A beautifully-conceived live album and concert video, Sanctitude (Kscope) finds Katatonia going mostly acoustic in a well-curated exhibition of songs sympathetic to the quieter spaces. Yes, there are candles, and yes, they play in a church, but this is not an overwrought episode of MTV Unplugged; rather it’s an essential expression for Katatonia and its songs, an approach they explored at length on their Dethroned and Uncrowned album, where they offered the entirety of Dead End Kings in similar stripped down fashion. Sanctitude is a complement to last year’s Last Fair Day Gone Night; where that live set, issued on CD/DVD last year, offered a rocked-out, straightforward career retrospective, the new album demonstrates why Katatonia is Katatonia. Because they’re a death metal, no a black metal, no a doom metal, no a shoe-gazey rock band — or are they? — that has the chops and the artistic will to deliver an environment rather than a category, to see the value in reinterpreting their own work. I find this fascinating because so often rock and the subgenres associated with it forget about personal context and mood, depending heavily on delivering the album as recorded, to keep the adoring fans adoring. Vocalist Jonas Renkse and guitarist Anders Nystrom, the persistent heart of the band, have consistently created terrain for their music that didn’t exist before. It can have hooks and riffs, but texture and, importantly, a dependence on the sounds words make, rule the day. Classic goth is a touchstone, along with the dynamics of Nirvanaesque grunge, and I also find myself thinking Disintegration-era Cure is seated deep in Katatonia’s grooves. Sanctitude throws into relief the band’s reach for such delicate shading — an element that’s been in their music at least since Discouraged Ones (1998) — allowing luminance into the screen of permanent twilight their mood and lyrics often inhabit. In the film of the show, they put Union Chapel in London to great use. It highlights the importance of space in Katatonia’s music, and adds intimate warmth rather than gothic solemnity to the concert. The band — this iteration including the Pineapple Thief’s Bruce Soord, bassist Niklas Sandin, and percussionist JP Asplund — and the crowd are clearly having a good time. The performances are solid, generally relaxed despite an admitted nervousness and a new band, and Jonas’s lead guitar lines, the only overt nod to electricity outside some subtle keyboarding, are a kind of revelation, their snaky simplicity conjuring the same spirits Opeth raised on Damnation. The highpoints are many, from the opener “In the White,” from the Great Cold Distance, to the finale, “The One You are Looking for is Not Here,” a duet with Silje Wergeland that originally appeared on Dead End Kings. In between the band covers fifteen other songs, from Viva Emptiness (“One Year from Now” really killing it with a slide guitar, tarantella figure, and bluesy vocal break), Brave Murder Day, and Last Fair Deal Gone Down. Because the songs are so weighted with the sonic emotion Jonas brings to his vocal approach and Anders to his playing, the edge of the songs is never lost; as Katatonia has long demonstrated, heavy music is much more than volume fraying to distortion.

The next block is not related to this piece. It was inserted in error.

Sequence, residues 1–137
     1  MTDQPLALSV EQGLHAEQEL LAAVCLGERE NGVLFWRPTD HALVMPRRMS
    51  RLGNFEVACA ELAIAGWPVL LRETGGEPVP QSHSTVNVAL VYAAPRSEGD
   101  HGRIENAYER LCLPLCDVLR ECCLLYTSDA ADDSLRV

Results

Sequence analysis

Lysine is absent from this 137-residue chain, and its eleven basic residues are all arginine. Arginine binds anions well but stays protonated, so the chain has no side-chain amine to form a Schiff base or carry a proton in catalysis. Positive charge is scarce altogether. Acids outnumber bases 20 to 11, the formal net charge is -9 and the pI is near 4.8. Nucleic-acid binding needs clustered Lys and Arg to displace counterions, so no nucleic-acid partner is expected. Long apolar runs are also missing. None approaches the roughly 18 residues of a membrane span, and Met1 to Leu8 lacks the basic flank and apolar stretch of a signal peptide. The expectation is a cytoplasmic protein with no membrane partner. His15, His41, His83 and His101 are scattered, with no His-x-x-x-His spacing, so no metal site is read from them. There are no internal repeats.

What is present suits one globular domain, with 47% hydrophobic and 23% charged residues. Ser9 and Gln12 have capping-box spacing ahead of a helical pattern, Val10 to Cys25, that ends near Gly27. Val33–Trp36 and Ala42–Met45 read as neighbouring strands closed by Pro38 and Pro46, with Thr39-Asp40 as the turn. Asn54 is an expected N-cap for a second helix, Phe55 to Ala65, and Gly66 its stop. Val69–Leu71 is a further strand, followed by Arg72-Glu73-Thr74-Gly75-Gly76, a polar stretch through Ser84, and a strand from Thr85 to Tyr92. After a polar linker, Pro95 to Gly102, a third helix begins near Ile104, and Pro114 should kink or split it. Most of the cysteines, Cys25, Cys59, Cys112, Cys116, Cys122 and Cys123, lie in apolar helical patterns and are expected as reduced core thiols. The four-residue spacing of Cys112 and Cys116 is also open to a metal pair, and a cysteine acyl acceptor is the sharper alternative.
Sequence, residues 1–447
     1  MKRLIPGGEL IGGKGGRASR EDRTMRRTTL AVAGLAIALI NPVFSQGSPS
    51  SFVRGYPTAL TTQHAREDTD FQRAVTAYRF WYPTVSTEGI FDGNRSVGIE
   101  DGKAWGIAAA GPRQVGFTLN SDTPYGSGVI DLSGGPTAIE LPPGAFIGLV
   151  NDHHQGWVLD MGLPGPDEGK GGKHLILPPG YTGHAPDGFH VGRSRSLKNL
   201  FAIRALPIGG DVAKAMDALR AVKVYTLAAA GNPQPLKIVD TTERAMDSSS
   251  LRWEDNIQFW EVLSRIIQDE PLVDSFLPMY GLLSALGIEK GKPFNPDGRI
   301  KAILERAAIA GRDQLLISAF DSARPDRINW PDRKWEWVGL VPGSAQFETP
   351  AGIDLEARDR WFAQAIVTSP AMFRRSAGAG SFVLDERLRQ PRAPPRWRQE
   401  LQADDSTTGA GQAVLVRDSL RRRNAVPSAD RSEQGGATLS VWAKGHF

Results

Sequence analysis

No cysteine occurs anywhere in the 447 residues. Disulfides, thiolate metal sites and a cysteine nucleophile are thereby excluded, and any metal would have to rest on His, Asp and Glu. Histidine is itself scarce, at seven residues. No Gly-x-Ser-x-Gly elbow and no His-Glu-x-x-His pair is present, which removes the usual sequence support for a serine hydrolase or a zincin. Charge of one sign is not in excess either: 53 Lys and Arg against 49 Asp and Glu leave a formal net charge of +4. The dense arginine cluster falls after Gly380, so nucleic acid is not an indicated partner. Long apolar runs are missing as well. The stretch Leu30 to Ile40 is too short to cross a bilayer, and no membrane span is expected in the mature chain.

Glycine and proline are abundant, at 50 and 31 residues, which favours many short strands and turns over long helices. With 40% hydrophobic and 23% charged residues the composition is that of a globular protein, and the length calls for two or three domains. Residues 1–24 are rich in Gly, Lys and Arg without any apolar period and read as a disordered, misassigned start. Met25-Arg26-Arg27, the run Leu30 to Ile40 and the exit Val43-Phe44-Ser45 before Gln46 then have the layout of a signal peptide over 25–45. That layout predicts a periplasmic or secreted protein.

Whereas the documentary accompanying Last Fair Day Gone Night is a fantastic oral history of the band, Sanctitude’s doc is a detailed analysis of this particular tour and the state of the band at present, very simply presented, with Jonas and Anders answering questions that avoid what you might expect: these aren’t simply softballs, but address aesthetic decisions and processes, band and artistic partnerships that have disintegrated, fan-base issues and future possibilities for the 25-year-old Katatonia. As rock documentary Katatonia’s films work because of their thoroughness, and provide portraits of not only the band but of Swedish metal over the past quarter-century, its vernacular. DVD bonus packages aren’t always a bonus, but Katatonia delivers, and a lot of bands would do well to speak so honestly and openly of their music in this context.
Along with Swedish peers Opeth and northern neighbors Gazpacho, Katatonia is creating a body of work that suggests their influence will be long felt, with a music that feels organic and electric, identifiable and unique, personal and expansive. Who wouldn’t want to see what happens next?